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A nature religion is a religious movement that believes the natural world is an embodiment of divinity, sacredness or spiritual power. Nature religions include indigenous religions practiced in various parts of the world by cultures who consider the environment to be imbued with spirits and other sacred entities. It also includes contemporary Pagan faiths such as Wicca, Neo-Druidism and the Goddess movement, which are primarily concentrated in Europe and North America.
The term "nature religion" was first coined by the American religious studies scholar Catherine Albanese, who used it in her work Nature Religion in America: From the Algonkian Indians to the New Age (1991) and later went on to use it in other studies. Following on from Albanese's development of the term it has since been used by other academics working in the discipline.
Catherine Albanese described nature religion as "a symbolic center and the cluster of beliefs, behaviours, and values that encircles it", deeming it to be useful for shining a light on aspects of history that are rarely viewed as religious. In a paper of his on the subject, the Canadian religious studies scholar Peter Beyer described "nature religion" as a "useful analytical abstraction" to refer to "any religious belief or practice in which devotees consider nature to be the embodiment of divinity, sacredness, transcendence, spiritual power, or whatever cognate term one wishes to use". He went on to note that in this way nature religion was not an "identifiable religious tradition" such as Buddhism or Christianity are, but that it instead covers "a range of religious and quasi-religious movements, groups and social networks whose participants may or may not identify with one of the many constructed religions of global society which referred to many other nature religion."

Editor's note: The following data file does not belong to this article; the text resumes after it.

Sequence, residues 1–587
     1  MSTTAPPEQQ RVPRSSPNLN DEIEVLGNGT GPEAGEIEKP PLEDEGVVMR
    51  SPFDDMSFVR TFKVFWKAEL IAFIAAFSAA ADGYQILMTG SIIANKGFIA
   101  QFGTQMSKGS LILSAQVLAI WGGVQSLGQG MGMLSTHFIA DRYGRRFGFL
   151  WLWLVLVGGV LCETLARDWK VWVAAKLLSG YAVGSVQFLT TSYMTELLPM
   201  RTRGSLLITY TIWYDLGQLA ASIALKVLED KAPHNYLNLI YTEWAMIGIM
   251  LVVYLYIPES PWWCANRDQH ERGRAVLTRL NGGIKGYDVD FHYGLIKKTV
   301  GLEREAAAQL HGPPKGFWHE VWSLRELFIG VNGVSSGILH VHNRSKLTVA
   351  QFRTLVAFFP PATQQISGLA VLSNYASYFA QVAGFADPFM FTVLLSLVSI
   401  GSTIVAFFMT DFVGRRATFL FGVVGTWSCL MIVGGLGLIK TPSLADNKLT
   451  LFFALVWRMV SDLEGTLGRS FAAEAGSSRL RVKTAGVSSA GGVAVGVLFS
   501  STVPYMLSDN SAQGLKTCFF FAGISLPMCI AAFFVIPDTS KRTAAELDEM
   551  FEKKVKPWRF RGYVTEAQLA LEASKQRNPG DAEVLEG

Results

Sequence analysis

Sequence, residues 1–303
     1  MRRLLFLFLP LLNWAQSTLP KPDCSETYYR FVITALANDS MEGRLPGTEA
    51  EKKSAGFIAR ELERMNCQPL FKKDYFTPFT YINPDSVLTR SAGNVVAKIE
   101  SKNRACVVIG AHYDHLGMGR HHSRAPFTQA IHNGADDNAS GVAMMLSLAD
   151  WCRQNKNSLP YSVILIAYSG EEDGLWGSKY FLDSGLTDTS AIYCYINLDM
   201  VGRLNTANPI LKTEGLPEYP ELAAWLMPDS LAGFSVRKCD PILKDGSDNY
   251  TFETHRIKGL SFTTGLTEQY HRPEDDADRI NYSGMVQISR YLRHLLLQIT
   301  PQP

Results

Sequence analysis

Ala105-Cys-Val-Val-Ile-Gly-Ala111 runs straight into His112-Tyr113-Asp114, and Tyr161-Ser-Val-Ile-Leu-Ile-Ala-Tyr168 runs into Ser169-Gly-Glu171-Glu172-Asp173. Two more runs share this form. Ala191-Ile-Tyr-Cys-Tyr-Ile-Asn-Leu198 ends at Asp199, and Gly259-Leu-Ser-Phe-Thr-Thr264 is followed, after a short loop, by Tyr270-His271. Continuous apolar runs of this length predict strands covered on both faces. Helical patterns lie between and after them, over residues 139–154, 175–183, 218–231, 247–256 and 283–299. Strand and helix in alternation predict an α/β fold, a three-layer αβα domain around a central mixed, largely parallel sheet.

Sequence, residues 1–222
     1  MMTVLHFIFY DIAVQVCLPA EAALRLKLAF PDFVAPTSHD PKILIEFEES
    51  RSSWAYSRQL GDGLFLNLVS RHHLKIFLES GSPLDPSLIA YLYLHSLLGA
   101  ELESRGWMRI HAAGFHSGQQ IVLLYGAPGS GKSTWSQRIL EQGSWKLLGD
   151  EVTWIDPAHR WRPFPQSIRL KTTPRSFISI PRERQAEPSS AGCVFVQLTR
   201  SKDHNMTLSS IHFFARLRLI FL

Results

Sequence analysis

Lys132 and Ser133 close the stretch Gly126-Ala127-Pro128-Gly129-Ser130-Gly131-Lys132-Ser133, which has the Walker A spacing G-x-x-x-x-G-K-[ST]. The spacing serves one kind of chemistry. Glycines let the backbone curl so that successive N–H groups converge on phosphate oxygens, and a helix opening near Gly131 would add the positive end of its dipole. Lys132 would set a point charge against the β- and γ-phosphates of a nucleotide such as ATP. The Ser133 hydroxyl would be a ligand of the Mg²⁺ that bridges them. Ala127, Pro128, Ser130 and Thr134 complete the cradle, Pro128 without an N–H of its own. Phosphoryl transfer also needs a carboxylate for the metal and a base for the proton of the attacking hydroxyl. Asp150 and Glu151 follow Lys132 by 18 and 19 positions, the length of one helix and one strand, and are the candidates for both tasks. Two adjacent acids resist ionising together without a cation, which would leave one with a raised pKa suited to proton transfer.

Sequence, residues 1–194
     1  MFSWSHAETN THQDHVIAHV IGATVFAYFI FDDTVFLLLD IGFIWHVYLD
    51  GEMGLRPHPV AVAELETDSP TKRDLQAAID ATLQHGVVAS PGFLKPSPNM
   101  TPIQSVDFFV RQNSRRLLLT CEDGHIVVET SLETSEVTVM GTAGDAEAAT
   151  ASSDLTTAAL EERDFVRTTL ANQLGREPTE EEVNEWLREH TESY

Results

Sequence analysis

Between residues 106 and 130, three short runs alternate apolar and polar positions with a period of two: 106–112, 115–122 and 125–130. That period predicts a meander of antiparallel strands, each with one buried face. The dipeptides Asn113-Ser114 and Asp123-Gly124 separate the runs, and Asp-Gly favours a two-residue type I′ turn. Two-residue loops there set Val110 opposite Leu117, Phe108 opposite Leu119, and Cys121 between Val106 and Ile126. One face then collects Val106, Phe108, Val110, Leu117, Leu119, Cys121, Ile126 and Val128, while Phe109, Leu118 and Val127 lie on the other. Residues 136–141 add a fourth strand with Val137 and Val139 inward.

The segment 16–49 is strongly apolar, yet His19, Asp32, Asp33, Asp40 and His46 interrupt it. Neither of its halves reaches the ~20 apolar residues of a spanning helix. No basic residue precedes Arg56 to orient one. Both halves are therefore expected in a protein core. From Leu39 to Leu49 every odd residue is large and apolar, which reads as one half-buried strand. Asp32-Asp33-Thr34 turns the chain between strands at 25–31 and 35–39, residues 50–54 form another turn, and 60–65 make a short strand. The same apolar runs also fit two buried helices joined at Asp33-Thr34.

"[I]ncluded under the heading of nature religion would be modern witchcraft/Wicca and Neo-Paganism, various revitalised aboriginal spiritual traditions, movements that appropriate aspects of aboriginal spirituality but consist mostly of non-aboriginals, neo-shamanistic groups, various portions of environmental movements, some feminist movements, certain 'New Age' movements, and movement within traditional religions such as Christian creation spirituality. This list could vary somewhat and I certainly do not want to suggest that such classification is an unambiguous matter."
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